Robert Joss, Sloan ’66: Never Stop Learning

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Robert Joss, Sloan ’66: Never Stop Learning

More than 50 years after he arrived at Stanford GSB, the school’s former dean still sees himself as a student.
November 15, 2018
Robert L. Joss entered Stanford GSB’s Sloan Program to pursue a PhD and went on to become the school’s dean. | Robert Holmgren

“You can’t plan your life,” Robert L. Joss, Sloan ’66, MBA ’67, and PhD ’70, told a soon-to-graduate class of Stanford GSB students in 2010. “You can’t plan your career. But you can plan to be prepared.”

Joss, the Philip H. Knight Professor and Dean, Emeritus, at Stanford GSB, shared this life lesson as part of a “last lecture” after serving 10 years as dean at the business school.

Indeed, the prodigious career that unfolded with more than 29 years of leadership in the commercial banking industry is quite different from the one Joss was planning when he first entered the Stanford Sloan Program in the fall of 1965.

“My objective then was to get a PhD and pursue a career in academia,” Joss recalls.

Joss was 24 at the time. He had been working for a real estate firm just outside Seattle after completing an undergraduate degree in economics at the University of Washington.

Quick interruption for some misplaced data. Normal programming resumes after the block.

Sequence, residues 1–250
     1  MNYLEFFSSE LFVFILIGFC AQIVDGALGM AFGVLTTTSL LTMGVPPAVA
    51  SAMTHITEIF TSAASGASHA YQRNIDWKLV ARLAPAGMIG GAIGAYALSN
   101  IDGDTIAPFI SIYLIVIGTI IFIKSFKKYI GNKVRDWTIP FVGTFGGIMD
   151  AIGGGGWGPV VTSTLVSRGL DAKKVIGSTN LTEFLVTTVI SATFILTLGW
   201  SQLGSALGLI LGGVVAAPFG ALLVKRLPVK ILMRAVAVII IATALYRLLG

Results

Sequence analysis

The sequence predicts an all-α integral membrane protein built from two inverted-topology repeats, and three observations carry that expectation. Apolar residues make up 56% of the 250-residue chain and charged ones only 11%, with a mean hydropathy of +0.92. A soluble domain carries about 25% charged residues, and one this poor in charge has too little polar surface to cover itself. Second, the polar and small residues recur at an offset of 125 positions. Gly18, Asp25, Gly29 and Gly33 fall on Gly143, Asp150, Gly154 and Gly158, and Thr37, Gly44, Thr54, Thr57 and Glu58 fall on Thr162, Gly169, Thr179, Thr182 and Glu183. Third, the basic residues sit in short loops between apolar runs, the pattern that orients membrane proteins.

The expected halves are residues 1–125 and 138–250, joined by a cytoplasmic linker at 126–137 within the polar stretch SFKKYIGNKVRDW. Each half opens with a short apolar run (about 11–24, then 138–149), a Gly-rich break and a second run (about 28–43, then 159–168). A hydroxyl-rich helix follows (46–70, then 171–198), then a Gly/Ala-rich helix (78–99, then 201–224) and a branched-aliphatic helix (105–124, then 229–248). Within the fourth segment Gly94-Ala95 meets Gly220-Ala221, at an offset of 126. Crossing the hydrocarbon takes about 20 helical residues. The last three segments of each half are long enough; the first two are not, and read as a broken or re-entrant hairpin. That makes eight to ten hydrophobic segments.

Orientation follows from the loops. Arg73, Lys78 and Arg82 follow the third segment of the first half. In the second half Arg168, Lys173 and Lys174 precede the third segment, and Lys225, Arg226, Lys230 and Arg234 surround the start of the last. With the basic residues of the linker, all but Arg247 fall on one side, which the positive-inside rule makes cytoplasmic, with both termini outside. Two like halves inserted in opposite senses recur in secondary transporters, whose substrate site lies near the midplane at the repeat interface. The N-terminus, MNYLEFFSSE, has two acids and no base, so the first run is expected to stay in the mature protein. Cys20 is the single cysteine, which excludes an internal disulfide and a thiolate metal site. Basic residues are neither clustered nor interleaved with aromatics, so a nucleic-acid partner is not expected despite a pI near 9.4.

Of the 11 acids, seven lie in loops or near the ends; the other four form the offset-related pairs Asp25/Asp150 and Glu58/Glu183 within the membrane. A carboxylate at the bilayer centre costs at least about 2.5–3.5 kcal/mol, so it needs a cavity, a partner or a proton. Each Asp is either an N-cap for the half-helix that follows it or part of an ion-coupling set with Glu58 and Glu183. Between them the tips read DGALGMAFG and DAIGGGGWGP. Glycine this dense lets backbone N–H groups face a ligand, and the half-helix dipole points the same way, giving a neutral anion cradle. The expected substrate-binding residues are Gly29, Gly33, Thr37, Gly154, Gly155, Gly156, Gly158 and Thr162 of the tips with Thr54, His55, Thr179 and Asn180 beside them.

In these early years of the Stanford Sloan Program, renamed the Stanford MSx Program in 2013, the aim was to expose future professors to the rising stars of corporate leadership (and vice versa), filling a gap in business education. The program received philanthropic support from longtime General Motors Chairman and CEO Alfred P. Sloan Jr., through his namesake foundation. From 1957 to 1968, the Sloan Program selected PhD students like Joss to join a small group of executives from some of the world’s largest companies.

“These men had a lot of experience,” Joss says of the professionals who joined him and five fellow PhD candidates around a large oval table each day at the business school. “We [PhD students] could bring something to the party, but they knew so much more about management and leadership.”

A Cohesive Group

In Joss’s Sloan Program cohort, some of the leaders were sponsored by employers at United Airlines, Pacific Gas and Electric, NASA, and Boeing. Despite the age difference between the PhDs and the corporate executives, the fellows formed a cohesive group. For Joss, it was an illuminating, confidence-building experience.

“I got to know these people really well,” Joss says. “I could see my career being on par with their careers. It opened my eyes to what it might be like to be an executive at one of these large companies.”

After the one-year fellowship, Joss continued to plan for a future in academia. He went on to complete his MBA and then a PhD in finance. He left Stanford in 1968 with an offer to become a finance professor at the University of Michigan.

But he deferred that academic appointment to spend a year in Washington, D.C., as a White House Fellow. That year turned to three, and Joss’s experience with the U.S. Treasury left him inspired to do something different — something outside the academic path he had planned.